Pasta col Nero di Seppia

February 28, 2014 / Food & Wine
Cefalù, Sicily

As you know Italian cooking is regional and seasonal, so no polenta down here and probably not much pasta con le sarde up around the Alps.

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In this household I was told you only really need two friends in town. One is the butcher (only fresh, local meat) and the other is the fishmonger (no fish-farmed-dopey-eyed-stuff, only today’s pick from the sea, possibly fished just 300 yards off the coast). So, this is the time when the cuttlefish are swimming by.

Sircie, as they are known in dialect, are a popular dish prepared in a sauce for bucatini pasta, with or without il niuru, the ink bladders.

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My mother-in-law served it, with the ink, the first time I was invited to meet the family. I guess she wanted to see how much I loved her son. I seriously thought I would have to sit there blindfolded, with a peg on my nose before I took the first bite. Even if it wasn’t love at first sight (the inky cuttlefish pasta, I mean), by the time I had got through it I was hooked – by the taste, the smell and even the sight of it. For someone who was brought up on roast beef and Yorkshire pudding, it was a huge step towards cultural integration. The next visit was a cooking lesson to learn how to prepare it.

Since then it’s a regular dish on our family menu and easy to prepare. It is of prime importance that the fishmonger cleans the cuttlefish and separates the ink bladders so they can be diluted down in a glass of water. Never put them in the fridge without diluting them. They just solidify.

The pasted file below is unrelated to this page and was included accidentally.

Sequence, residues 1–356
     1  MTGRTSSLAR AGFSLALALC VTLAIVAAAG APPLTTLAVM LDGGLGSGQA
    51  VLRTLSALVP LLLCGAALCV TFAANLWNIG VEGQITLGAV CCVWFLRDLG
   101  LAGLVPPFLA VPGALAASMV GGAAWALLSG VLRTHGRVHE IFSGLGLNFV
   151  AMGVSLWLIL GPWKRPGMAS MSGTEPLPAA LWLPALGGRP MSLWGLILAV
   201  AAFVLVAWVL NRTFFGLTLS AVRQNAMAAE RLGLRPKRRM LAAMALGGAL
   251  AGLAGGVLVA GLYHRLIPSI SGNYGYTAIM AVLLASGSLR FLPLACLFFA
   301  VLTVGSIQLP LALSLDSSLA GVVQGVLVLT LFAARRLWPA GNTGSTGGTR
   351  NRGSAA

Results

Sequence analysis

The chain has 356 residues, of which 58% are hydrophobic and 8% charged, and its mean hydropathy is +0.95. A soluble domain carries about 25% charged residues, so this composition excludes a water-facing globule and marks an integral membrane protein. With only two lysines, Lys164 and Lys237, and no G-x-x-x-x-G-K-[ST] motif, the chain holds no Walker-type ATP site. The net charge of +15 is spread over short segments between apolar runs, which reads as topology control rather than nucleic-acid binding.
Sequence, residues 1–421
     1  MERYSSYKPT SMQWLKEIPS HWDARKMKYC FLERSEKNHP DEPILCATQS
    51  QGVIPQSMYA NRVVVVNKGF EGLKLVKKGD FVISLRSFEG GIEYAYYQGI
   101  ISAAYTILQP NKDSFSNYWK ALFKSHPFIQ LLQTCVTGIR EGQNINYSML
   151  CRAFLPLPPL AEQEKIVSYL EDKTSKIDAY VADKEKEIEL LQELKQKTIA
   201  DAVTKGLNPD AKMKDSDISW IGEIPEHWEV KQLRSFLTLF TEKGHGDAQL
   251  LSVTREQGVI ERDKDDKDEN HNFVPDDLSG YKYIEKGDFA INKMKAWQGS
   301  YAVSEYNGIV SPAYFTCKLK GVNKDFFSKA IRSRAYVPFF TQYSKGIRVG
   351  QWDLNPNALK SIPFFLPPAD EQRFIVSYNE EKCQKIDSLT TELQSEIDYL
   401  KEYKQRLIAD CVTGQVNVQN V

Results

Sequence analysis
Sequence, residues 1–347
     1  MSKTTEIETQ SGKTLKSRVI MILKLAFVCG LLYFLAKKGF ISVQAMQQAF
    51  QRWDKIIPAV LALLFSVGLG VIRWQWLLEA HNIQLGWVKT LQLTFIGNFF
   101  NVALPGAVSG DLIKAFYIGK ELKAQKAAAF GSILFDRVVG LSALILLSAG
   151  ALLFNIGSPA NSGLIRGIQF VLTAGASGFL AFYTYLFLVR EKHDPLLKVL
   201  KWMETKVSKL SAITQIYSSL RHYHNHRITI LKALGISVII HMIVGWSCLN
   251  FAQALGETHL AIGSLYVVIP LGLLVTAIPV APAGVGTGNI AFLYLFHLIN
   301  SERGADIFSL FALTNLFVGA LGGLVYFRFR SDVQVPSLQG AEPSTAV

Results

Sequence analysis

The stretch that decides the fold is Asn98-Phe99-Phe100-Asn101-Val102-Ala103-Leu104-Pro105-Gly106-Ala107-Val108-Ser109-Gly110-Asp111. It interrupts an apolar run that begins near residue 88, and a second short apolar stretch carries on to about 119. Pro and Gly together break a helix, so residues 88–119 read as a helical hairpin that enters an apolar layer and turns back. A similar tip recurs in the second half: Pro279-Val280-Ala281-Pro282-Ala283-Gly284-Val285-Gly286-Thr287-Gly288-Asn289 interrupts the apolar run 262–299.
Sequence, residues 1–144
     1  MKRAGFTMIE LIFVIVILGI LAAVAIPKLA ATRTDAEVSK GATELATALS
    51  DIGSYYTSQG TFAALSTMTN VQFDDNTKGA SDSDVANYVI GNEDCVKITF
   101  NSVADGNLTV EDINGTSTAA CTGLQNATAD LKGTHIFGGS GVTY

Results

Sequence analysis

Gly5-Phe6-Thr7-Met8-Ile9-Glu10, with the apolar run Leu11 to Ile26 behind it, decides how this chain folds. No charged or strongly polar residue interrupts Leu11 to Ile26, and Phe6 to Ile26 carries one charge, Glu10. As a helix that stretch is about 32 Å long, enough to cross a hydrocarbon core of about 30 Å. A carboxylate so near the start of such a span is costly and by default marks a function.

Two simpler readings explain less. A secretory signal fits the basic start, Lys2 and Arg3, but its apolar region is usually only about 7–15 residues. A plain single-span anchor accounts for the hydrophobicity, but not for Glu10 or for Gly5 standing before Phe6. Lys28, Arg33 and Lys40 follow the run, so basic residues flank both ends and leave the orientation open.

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Chop some onion, sauté it in olive oil together with the cuttlefish. Add some ready-made tomato sauce (I use homemade tomato paste in the photo), the diluted ink bladders, a couple of bay leaves, some garlic cloves (no need to skin them) and as much peperoncino as you want. Cook for about 40 minutes on a low heat.

Alternative: Cook just the tentacles in the tomato/ink sauce and cut the fleshy part into strips, like calamari. Flour and deep fry them. Delicious!

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by Marian Watson-Virga

Marian has lived in Sicily for longer than she can remember. British by birth, Sicilian by marriage she loves all things Sicilian, even pani ca’ meusa!   For the past few years she has been collaborating with Carmelina Ricciardello of www.sicilianexperience.com, developing responsible tourism and discovering Sicily on walking and car tours. Marian’s blog page is here.

9 Responses to “Pasta col Nero di Seppia”

  1. Paul Russo

    My dad was born Cefalu and my mom in Balestrate . I visited Sicily many times, but I forgot about Sircie. Thanks for the info.

    Reply
  2. Absolutely LOVE this dish! I first tried it in Venice, and had no idea it was a dish of the deep South! I rarely saw it when I lived in Campania.
    Forget the colour! Everyone should give it a try!
    Thank you for posting this! :)

    Reply
  3. Vince (Enzo) Amato

    I was born and raised in Cefalu’ and I remember well the Pasta Col Nero di Seppie.
    Unfortunately I can not find the seppie here but I have the nero and I make it with moscardini. The best pasta on nero di seppie I had it in Lipari….

    Reply
    • Lillo Glorioso

      I was born in Cefalu’ and moved to Central America at the age of 16. One of my best friends’ name is Enzo Amato. Although we were in touch for a while (by mail) , we ended up loosing contact. Now I live in the USA and have tried to contact my friend for several decades. Could this be you Enzo? Did you live across from “La Villa”? Please let me know.
      Un forte abbraccio.

      Reply
  4. Michael Yaccino

    Visting friends in Cosenza, the nero di seppia got the best of all of us. Lots of laughs!…
    MIchael and friends in Cosenza eating nero di seppie pasta

    Reply
  5. Marianne

    Enjoyed this dish at The Red Moon in Siracusa and at Giada in Palermo – delicious.

    Reply

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